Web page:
For an artist, change is like oxygen. Without it, you don’t last long.
When Hoots & Hellmouth’s first record came out almost a decade ago, the backwoods stomp-folk revival of it was somehow provocative and comforting all at once. Calling on an acoustic bluegrass tradition coupled with sing-along lyrics that warranted a deeper listen, the self-titled record won the Best College Label Album of the Year from the The Independent Music Awards. It also won throngs of fans drawn word-of-mouth to their wildly fun live shows.
And with any type of success, particularly in the music industry, the natural pull might be towards repetition. Luckily, songwriter and front man Sean Hoots has been more interested in following where his deep passion for music of all types takes him. In the last few years, he’s stepped back from the band, exploring healing modes of spiritual music and even creating electronic soundscapes.
The gift of that evolution is Hoots and Hellmouth’s latest, In the Trees Where I Can See the Forest, their fourth full-length record. It’s the band’s most compelling work yet, particularly in its diversity, its power, and its tension. Like all of the band’s work, the choruses leave you singing softly to yourself for days—Sean Hoots writes really good hooks—but it’s the mood of it that you come back to and can lose yourself in.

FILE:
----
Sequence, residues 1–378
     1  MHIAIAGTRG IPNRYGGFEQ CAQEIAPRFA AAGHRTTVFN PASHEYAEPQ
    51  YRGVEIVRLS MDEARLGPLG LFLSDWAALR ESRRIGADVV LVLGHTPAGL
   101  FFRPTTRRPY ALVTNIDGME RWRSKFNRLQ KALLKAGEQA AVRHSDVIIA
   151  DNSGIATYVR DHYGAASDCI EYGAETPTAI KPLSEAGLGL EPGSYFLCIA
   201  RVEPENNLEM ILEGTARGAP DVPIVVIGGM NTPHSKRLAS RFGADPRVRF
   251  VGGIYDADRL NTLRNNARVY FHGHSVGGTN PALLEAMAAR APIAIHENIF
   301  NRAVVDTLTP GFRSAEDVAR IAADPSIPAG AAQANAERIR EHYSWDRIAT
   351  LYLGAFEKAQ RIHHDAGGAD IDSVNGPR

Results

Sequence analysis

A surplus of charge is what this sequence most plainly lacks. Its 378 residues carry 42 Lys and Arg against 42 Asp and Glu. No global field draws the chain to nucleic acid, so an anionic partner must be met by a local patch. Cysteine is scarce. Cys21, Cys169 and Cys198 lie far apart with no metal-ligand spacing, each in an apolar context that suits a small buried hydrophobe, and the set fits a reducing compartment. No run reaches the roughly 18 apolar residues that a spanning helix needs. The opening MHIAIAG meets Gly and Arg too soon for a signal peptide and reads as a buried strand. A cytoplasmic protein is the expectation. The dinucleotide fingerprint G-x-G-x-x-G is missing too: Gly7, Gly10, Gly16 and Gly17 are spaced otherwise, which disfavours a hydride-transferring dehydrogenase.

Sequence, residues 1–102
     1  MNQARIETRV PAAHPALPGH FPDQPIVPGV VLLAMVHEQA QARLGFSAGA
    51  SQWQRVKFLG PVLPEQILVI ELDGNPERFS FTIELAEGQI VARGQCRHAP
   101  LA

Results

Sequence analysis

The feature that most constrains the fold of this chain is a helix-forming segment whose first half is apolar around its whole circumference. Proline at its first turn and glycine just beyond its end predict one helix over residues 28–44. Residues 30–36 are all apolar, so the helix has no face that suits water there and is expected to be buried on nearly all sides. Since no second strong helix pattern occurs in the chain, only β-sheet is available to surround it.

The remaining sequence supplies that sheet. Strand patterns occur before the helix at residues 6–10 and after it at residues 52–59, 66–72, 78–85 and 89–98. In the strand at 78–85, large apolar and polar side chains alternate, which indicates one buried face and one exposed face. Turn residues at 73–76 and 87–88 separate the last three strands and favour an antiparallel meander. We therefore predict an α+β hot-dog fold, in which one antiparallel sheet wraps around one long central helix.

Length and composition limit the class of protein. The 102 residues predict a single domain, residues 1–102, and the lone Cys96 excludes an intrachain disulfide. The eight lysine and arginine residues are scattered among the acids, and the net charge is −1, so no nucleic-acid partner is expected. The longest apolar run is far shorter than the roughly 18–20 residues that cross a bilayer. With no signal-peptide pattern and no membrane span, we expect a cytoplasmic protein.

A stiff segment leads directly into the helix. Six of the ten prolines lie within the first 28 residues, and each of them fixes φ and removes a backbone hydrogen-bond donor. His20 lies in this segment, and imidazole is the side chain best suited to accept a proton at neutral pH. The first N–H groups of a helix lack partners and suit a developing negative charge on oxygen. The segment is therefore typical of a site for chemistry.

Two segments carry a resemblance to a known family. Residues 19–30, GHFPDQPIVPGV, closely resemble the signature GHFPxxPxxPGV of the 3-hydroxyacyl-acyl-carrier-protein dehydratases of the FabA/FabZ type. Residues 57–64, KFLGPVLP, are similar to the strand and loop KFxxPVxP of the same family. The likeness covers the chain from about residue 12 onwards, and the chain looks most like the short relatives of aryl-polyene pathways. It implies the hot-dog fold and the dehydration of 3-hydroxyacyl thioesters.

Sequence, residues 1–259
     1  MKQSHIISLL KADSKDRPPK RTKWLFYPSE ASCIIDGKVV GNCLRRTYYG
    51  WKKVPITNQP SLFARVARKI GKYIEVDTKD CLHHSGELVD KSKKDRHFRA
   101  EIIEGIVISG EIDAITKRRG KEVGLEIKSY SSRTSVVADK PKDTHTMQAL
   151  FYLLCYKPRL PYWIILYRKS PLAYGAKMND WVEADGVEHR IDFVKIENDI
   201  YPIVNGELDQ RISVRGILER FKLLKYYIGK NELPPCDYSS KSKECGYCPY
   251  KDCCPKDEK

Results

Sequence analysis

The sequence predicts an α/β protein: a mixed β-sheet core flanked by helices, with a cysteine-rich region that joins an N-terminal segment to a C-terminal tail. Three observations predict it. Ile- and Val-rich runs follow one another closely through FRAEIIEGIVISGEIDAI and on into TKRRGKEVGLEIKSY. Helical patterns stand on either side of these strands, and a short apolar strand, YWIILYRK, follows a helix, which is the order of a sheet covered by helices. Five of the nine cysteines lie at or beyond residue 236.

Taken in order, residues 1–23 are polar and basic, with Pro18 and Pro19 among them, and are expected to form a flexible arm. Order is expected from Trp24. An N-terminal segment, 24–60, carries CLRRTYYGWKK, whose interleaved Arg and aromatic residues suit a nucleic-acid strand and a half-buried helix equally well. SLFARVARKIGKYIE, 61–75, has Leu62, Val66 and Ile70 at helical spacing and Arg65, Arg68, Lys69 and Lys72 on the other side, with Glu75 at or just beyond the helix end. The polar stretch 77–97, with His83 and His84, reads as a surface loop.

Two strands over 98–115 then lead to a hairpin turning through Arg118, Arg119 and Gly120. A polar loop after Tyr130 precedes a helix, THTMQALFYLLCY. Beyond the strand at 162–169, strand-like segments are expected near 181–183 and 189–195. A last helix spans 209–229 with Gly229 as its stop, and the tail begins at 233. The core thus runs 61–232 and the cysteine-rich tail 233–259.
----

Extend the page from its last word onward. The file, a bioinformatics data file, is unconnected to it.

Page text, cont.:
That atmospheric sound is one of the many things Hoots and I talked about in his West Philly studio, surrounded by the tools of his trade—both acoustic and otherwise. We also talked about the risk and the necessity of pushing yourself.
I tend to share his opinion that the most compelling artists are always the ones trying to push things forward—and I admit, I was curious to what his band had left to show me. As it turns out, plenty.
Get In the Trees Where I Can See the Forest at hootsandhellmouth.com.
And please read our full-interview over at No Depression.